Wednesday, December 20, 2017

Wedding Photograph – Jean Arasanayagam




Jean Arasanayagam is a Sri Lankan poetess. Most of her poems are based on her own socioeconomic background. Jean Arasanayagam who is considered one of the leading Asian poets has written many poems on various issues; ethnic conflict, 83 riots, customs, etc. 


In her poem “Wedding Photographs” the poetess talks about practices related to marriage among the upper class Tamils. The poem takes the form of a dialogue between two women; a mother-in-law and a daughter-in-law. The daughter-in-law wants to see a wedding photograph of her mother-in-law’s wedding.

“Have you any wedding photographs,” I ask achchi,
“No nothing,” answer my mother-in-law,

The older woman’s reply is that there aren’t any as the marriage had taken place “over a half century ago”. But that does not keep the naturally imaginative voice from imagining what it would have been like. In her mind’s eye she sees her thirty-six-year-old father-in-law and his wife sitting on a “velvet-covered divan”. Above them she sees a “flower bedecked manaverrai”. Her mother-in-law’s fragile neck is “weighed down by that thali of twenty gold sovereigns.” Thali is the symbol of marriage. The young girl of sixteen could be feeling oppressed by the responsibilities thrust upon her by her new status as a married woman. Yet, it must be noted that sixteen was considered a good marriageable age for girls in the early 1900s as the life expectancy was low and girls were not preoccupied with studies and careers. However, the narrator looking at her mother-in-low from a modern feminist point of view sees her as exploited and abused woman forced into marriage at a very young age. She seems to pity her mother-in-law.  

So fragile, weighed down by that thali of twenty


Gold sovereigns.

In the next stanza the poetess takes the reader to the very end of her mother-in-law’s marriage life. With the death of “Pata” the mother-in-law loses the right to sleep in her marriage bed. The reader is compelled to ask what else she had lost or forced to give up as a widow. Hindu families are strongly patriarchal. A widow is an ill omen and as a result loses many of the privileges a married woman enjoys.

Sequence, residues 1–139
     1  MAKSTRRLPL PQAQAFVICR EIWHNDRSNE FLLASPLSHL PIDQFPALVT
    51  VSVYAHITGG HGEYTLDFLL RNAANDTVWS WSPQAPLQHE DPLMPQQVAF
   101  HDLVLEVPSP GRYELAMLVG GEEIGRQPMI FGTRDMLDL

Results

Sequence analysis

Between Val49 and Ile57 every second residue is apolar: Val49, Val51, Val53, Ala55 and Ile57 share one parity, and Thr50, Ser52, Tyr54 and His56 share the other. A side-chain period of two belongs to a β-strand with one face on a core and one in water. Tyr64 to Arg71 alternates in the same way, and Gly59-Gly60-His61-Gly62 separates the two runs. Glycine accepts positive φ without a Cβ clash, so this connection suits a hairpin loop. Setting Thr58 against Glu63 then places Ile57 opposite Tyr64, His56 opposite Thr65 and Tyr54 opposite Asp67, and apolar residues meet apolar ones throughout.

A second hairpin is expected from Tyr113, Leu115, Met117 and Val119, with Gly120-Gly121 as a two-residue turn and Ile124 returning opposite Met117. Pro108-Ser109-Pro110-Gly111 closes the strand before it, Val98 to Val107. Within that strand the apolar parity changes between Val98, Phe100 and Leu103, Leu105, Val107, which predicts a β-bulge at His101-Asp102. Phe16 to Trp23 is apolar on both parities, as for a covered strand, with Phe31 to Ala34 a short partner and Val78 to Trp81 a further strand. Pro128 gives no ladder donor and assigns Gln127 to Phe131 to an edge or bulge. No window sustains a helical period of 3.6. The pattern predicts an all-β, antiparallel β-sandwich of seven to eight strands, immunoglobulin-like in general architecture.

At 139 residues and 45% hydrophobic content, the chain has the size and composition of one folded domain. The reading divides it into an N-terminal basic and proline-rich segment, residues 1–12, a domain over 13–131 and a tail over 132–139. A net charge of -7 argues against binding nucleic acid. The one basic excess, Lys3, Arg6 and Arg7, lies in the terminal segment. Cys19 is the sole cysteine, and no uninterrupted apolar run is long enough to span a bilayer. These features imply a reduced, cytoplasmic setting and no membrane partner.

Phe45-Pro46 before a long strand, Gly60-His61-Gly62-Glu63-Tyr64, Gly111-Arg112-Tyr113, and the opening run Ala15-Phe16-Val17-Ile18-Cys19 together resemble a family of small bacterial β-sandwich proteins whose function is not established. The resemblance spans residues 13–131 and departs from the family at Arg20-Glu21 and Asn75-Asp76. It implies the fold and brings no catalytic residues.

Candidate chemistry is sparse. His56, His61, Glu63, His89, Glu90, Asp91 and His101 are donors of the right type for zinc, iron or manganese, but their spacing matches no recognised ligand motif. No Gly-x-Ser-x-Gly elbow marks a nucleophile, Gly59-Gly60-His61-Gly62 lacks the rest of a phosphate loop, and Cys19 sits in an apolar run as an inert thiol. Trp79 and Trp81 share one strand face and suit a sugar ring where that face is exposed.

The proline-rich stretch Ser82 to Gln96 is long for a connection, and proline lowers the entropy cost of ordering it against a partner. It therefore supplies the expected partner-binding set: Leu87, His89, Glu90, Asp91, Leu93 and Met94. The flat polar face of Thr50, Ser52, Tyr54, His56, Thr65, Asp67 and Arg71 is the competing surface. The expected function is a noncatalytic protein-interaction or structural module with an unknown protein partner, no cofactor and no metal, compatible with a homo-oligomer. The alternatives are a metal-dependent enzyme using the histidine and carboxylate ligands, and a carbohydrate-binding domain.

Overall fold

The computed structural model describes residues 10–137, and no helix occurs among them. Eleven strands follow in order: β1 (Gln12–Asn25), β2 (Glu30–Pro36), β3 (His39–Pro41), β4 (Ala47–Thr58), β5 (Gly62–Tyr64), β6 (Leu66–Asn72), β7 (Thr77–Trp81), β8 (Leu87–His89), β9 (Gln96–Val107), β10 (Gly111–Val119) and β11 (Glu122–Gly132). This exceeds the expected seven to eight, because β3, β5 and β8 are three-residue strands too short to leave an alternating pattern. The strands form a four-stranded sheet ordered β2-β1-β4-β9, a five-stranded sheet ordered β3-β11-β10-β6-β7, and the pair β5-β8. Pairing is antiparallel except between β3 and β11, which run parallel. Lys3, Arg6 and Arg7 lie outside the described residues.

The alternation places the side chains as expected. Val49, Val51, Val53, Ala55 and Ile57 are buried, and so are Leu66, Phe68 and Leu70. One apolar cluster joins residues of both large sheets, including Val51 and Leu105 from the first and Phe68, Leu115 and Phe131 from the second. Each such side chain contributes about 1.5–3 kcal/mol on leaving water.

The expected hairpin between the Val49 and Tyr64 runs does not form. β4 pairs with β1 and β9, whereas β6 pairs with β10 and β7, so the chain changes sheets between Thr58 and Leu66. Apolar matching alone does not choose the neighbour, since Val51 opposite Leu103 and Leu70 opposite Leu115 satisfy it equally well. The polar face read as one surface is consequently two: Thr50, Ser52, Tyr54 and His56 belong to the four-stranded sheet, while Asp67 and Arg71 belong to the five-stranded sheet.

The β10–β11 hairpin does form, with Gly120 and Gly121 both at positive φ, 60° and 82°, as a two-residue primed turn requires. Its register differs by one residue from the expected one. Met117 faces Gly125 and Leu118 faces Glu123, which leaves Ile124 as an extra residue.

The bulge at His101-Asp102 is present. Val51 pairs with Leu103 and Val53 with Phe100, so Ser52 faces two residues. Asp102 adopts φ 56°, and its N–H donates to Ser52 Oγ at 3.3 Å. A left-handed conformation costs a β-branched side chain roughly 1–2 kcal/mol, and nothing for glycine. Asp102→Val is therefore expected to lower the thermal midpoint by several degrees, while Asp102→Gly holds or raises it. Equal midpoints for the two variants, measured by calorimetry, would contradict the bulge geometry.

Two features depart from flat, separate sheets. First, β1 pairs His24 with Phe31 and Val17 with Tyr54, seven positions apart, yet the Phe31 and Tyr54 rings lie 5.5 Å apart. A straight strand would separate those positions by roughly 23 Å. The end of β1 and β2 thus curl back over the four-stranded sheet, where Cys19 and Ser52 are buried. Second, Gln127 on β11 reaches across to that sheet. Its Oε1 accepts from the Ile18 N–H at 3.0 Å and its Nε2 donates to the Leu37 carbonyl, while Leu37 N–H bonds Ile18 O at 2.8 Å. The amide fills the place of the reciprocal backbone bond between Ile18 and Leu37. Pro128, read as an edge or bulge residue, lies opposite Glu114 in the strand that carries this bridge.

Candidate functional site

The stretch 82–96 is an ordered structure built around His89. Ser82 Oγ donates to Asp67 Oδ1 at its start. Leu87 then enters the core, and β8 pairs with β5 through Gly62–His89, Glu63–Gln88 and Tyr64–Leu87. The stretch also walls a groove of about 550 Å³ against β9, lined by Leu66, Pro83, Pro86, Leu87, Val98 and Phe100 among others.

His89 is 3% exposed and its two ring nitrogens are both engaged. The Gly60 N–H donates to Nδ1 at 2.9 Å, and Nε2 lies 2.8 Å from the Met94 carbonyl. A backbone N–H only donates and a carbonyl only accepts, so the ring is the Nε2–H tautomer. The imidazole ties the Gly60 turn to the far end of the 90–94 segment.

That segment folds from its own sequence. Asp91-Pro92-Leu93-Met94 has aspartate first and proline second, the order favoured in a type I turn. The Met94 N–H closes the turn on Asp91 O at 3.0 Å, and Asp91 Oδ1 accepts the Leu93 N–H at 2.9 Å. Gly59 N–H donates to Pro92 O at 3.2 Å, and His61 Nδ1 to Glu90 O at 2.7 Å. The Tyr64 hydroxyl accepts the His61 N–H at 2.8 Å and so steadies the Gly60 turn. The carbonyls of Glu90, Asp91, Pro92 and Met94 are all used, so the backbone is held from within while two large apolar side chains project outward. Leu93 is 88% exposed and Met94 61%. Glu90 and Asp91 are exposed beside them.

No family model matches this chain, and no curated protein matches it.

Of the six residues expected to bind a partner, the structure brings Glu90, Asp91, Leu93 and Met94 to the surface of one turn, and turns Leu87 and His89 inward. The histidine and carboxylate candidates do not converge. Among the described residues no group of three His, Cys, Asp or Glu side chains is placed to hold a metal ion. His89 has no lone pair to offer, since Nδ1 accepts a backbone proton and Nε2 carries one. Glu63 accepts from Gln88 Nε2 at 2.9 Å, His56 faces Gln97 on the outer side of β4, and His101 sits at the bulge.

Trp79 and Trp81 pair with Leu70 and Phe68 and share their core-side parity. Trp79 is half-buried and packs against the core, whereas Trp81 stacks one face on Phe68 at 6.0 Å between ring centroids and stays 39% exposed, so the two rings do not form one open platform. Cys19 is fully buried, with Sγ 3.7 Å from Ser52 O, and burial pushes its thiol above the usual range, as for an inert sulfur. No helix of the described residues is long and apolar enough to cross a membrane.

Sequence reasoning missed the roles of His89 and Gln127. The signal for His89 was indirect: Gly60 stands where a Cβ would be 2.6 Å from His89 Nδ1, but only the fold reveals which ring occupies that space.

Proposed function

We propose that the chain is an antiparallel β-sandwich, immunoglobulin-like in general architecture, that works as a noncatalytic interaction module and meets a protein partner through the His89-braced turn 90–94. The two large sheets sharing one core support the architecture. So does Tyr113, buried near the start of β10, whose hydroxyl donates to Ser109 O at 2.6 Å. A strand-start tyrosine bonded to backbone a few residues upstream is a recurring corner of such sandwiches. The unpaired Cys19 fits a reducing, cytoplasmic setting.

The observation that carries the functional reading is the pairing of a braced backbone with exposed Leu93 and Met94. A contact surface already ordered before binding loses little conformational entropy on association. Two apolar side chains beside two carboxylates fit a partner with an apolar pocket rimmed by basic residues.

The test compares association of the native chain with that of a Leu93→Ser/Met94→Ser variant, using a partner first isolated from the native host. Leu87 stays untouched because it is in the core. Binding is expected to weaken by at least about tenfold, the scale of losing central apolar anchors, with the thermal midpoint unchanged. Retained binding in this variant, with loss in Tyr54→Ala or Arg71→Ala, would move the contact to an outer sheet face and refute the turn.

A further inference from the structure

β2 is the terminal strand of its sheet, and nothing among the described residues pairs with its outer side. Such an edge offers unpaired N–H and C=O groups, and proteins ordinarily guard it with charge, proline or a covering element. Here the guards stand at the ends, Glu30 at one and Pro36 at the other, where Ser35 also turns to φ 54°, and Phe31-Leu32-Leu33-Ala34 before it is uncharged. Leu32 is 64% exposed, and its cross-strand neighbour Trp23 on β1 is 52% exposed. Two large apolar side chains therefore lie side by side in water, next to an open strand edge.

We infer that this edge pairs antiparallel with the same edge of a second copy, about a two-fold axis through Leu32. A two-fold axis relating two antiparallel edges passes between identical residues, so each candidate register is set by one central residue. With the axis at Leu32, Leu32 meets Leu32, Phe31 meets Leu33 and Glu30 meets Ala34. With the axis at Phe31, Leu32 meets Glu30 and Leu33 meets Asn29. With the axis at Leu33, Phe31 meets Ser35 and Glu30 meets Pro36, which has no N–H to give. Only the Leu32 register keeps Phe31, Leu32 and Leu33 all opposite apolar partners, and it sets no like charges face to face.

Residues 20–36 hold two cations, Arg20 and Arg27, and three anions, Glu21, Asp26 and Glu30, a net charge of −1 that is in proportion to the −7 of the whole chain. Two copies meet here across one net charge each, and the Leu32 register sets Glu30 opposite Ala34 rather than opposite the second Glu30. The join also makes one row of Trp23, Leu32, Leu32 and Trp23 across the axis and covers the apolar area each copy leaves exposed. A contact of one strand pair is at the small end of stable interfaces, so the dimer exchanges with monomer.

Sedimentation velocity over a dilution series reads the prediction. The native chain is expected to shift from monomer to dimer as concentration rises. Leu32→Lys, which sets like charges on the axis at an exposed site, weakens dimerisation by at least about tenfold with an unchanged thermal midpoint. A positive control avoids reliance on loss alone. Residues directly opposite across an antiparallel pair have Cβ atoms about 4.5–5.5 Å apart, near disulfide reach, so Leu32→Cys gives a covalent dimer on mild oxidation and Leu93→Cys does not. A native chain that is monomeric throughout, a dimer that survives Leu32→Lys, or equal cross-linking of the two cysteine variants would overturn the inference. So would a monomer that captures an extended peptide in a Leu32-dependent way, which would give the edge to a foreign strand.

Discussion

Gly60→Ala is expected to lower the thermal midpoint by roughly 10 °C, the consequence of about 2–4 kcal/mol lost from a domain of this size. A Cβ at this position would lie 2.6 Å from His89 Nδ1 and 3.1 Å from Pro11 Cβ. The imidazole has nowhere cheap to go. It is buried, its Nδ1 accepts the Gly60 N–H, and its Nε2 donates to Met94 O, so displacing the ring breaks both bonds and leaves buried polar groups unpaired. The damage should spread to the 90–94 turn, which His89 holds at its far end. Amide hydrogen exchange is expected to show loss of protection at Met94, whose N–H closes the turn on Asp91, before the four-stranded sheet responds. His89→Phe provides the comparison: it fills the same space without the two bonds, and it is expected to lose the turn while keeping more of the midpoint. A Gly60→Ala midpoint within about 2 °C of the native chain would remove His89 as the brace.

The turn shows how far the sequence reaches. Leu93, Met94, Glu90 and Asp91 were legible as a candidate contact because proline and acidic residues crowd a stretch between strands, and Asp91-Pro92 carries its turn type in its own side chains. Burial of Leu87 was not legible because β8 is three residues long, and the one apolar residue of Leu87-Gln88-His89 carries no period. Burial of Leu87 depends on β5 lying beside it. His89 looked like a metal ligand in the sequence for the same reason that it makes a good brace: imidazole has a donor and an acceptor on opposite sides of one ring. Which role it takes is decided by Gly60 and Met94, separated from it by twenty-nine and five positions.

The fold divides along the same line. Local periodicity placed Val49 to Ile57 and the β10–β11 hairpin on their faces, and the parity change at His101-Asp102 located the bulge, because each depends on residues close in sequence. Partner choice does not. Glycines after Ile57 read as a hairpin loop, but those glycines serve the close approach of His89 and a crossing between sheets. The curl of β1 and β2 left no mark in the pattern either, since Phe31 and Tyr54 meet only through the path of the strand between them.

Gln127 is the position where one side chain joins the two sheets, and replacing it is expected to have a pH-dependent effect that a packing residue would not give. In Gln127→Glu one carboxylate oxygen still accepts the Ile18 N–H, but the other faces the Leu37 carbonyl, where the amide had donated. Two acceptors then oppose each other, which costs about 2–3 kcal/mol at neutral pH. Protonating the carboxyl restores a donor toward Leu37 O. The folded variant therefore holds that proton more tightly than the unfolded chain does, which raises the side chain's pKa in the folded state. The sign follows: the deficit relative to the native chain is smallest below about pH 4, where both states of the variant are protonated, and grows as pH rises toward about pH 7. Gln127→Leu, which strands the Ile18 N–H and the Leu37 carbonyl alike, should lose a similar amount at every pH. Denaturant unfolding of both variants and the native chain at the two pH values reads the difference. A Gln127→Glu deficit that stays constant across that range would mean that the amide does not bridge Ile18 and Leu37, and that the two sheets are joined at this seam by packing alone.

That marriage bed, once strewn with flowers
Vacated by Pata’s death, the bed dismantled,
Cast aside, its purpose over.  

The act of dismantling of bed and casting it aside has a very significant symbolic value.

Immediately, the 4th stanza takes the reader to the morning after the day of the marriage. The poetess visualizes her mother-in-law, still in her wedding finery, walking in the garden of her new home. Morning is the time if rebirth and new beginnings. Her loose hair implies her passage into womanhood. One is forced to question whether the new bride had felt like the jasmines on her hair, crushed, no longer fresh. But it must be noted that crushed jasmines still give out a unique fragrance.

What the older woman mutters to herself has a note of monotony found in often-repeated words – “Now I am a woman I will carry on the sacred traditions. Worship the gods and goddesses at my shrine bring forth sons and daughters.” They could be words uttered by her mother as a piece of advice. Jean wonders whether her mother-in-law regretted the loss of her childhood. Once again the readers are taken to the present. The two women are seen sitting face-to-face “musing over each other’s lives”. In her mind they see old feet walking among the remains of their ruined house. They were no longer young and are thinking about the passage of time and individual losses. One may ask whether the ruined house was a metaphor for the lives of the two women.  

In the last stanza the mother-in-law summarizes her life as a married woman. She has led an affluent life. Her whole life as a married woman had been spent being a proper married woman.

I lacked nothing, I followed the sacred rituals,
Walked round the yaham with everlasting
Flame, I remained faithful unto death to Pata,
He was handsome with his milk white skin
And slender limbs, I was so young,
He was twenty years older.

Her husband is dead, the woman continue to follow the same traditions she had followed for a greater part of her life.

Technique:
It is rather a long poem with long uneven lines and stanzas. The poet uses terms of the Tamil language. It adds a sense of authenticity to the poem. Her use of the flashback and flash forward techniques allows her to be quite economical with words. Jean Arasanayagam uses many symbols such as crushed jasmine, thali, toe-rings, dismantled marriage bed, ruined house, etc. to discuss different stages and important events of the woman’s life. the use of dialogues adds a dramatic quality to the poem.
 

4 comments:

  1. Can you give me more information about Jean Arasanayagam?to my research works

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    1. Tell me what you want to know. If possible I'd be happy to help

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